I'd always loved drawing, but never really thought I'd be able to make a go of it. I'd failed to gain acceptance to The High School of Art & Design due to an unremarkable grade average in spite of a strong portfolio, and that experience soured me on the pursuit of the graphic arts as a way to make a living. But I kept on drawing for my own enjoyment, and enrolled in the Albert Pels School of Art (after four lackluster years in a trade high school) to learn production art.

Once I was able to get my foot in the door at Gem I did everything I could to get ahead. I took a years' worth of night classes at the Art Students League, and I went from doing paste-ups and mechanicals to creating props and film sets, before being promoted to the position of the first on-staff Illustrator in Gem's history. Before that they only used freelancers for what little illustration work they would get. The illustration business grew to employ eight illustrators in the first year, and would flourish for the next twenty-plus. After nearly a decade at Gem I got the bug to create comic books, something I'd always longed to do. So I licensed The Honeymooners along with some business partners and produced two years worth of issues.

After that I was back at Gem for a year and then at Saatchi & Saatchi for two or three, working mostly on animatics for the General Mills account. When Saatchi started hitting the rails and losing accounts I moved over to the design studio of the Warner Brothers Studio Stores. I had finally found a place to apply my love and knowlege of animation and design in a consumer products-based division. I'd never known that Warners and Disney had studios in NYC! After a year in NY Warner moved their design studio to LA. I stayed behind as a contracted freelancer at first and moved west in '96. When WB closed their Studio Stores in 2000 I had the opportunity to fulfill another life-long dream and created children's books based on Scooby-Doo. And I continued producing gallery art based on Warners, MGM and Hanna-Barbera properties for the Clampett Studio.

In mid-December of 2003 I was offered a position at Disney Consumer Products and given the chance of fulfilling another life-long dream. I'm at the beginning of my fifth year at the big D and I look forward to arriving there every day. Sure, they've got some of the greatest properties in the entertainment world, but they've also got some of the nicest people working there as well. It's a blessing to be able to do something you really love for a living. A blessing and a privilege.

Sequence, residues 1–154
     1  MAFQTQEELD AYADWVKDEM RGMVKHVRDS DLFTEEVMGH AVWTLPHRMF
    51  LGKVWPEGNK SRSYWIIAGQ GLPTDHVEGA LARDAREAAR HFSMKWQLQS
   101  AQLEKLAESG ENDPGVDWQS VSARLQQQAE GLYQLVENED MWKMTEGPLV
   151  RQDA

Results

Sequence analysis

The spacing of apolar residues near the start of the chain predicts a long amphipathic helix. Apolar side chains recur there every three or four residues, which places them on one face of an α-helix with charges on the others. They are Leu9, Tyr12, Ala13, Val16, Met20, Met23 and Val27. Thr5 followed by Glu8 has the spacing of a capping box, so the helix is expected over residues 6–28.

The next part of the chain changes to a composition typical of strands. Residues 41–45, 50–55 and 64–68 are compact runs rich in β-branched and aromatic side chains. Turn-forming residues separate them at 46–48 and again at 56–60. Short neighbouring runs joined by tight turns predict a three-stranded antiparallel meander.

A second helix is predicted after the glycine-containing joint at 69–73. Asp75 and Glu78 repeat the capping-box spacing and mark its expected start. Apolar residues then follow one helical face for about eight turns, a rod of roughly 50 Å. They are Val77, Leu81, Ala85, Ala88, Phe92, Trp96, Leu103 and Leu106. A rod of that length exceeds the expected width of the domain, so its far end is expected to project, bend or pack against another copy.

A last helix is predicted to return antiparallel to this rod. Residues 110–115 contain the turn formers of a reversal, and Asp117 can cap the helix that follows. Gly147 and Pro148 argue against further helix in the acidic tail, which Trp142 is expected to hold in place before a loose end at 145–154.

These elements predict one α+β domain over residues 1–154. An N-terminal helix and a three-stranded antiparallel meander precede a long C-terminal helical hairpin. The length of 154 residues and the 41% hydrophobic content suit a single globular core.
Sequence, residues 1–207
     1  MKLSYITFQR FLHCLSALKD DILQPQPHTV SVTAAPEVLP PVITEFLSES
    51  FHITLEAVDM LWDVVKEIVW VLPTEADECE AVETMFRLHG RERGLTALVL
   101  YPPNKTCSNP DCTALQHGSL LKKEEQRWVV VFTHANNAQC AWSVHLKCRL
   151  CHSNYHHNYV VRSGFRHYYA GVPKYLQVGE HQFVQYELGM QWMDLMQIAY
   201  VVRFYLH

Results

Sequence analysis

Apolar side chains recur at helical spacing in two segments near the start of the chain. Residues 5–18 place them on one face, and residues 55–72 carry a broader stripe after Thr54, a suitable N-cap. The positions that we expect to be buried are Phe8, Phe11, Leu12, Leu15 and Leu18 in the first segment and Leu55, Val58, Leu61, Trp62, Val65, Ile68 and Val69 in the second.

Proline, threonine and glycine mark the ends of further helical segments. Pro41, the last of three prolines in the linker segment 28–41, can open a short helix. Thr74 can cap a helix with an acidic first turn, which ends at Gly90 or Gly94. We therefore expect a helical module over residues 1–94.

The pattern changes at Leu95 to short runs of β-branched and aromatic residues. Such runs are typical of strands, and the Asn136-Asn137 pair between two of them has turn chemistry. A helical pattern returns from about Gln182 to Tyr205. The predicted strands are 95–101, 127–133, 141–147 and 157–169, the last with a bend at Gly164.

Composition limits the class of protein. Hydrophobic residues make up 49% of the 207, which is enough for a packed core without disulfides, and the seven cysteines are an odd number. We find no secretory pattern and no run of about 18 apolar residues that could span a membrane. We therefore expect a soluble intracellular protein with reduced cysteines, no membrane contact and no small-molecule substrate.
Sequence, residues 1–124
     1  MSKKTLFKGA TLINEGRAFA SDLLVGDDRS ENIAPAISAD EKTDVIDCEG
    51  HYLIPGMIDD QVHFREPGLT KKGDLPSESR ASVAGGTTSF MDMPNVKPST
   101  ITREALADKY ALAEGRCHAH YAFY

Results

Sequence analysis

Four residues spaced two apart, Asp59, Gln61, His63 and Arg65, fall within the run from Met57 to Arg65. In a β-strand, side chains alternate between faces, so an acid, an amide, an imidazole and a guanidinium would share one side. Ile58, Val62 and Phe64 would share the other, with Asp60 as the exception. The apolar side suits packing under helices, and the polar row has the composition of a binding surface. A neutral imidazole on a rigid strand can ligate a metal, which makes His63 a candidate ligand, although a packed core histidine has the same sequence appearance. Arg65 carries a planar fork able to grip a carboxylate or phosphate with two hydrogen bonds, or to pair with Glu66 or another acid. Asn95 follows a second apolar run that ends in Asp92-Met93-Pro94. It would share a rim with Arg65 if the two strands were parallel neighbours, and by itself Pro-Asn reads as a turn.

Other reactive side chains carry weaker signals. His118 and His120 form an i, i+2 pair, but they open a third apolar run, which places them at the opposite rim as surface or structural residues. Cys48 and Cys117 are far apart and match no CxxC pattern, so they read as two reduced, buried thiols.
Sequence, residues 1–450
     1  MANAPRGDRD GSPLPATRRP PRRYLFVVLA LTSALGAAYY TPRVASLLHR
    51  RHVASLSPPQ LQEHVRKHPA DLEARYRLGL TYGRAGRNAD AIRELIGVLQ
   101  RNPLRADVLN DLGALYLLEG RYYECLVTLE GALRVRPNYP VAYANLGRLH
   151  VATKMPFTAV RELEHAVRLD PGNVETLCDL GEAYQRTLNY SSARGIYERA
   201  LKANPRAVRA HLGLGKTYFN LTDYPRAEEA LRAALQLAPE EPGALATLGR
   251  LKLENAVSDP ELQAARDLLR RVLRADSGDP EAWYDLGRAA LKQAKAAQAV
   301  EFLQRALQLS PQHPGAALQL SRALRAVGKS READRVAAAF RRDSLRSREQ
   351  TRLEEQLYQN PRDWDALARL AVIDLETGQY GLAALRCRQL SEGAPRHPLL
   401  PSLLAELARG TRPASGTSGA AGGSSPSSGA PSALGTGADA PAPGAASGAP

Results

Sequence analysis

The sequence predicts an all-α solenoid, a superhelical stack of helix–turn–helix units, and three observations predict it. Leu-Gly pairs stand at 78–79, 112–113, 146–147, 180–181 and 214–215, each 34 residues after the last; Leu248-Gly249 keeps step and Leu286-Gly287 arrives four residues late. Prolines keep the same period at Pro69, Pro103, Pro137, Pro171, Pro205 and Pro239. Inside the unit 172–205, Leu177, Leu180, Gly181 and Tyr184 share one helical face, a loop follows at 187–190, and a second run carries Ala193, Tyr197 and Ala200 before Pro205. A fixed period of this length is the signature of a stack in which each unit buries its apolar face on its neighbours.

I keep this old weathered, poorly executed Popeye hanging in my studio to remind myself of where I came from.

Wednesday, January 09, 2008


I love comics!
Books, strips, panels, any type of comics. I've been lucky enough to do a few of them... thirteen issues of "The Honeymooners", most of them with Golden Age artist Win Mortimer, pencils for the second half of the "Casper" movie adaptation with Harvey Comics' legendary Ernie Colon, and a handful of Silver Age-flavored comics with my friend, the titanically talented Juan "Johnny" Ortiz.

I met Juan when we worked together at the old Warner Brothers Studio Stores. Juan is a multi-faceted creator and he publishes "Silver Comics". I've helped him produce a few story arcs in some issues, an assignment I've always enjoyed because Juan works "Harvey Kurtzman" style and always supplies roughs and a story synopsis to work from.

Here are a couple of pages that will give you an idea of how we work together--

Check out Juan's blog:
for updates on current publications and links to order back issues.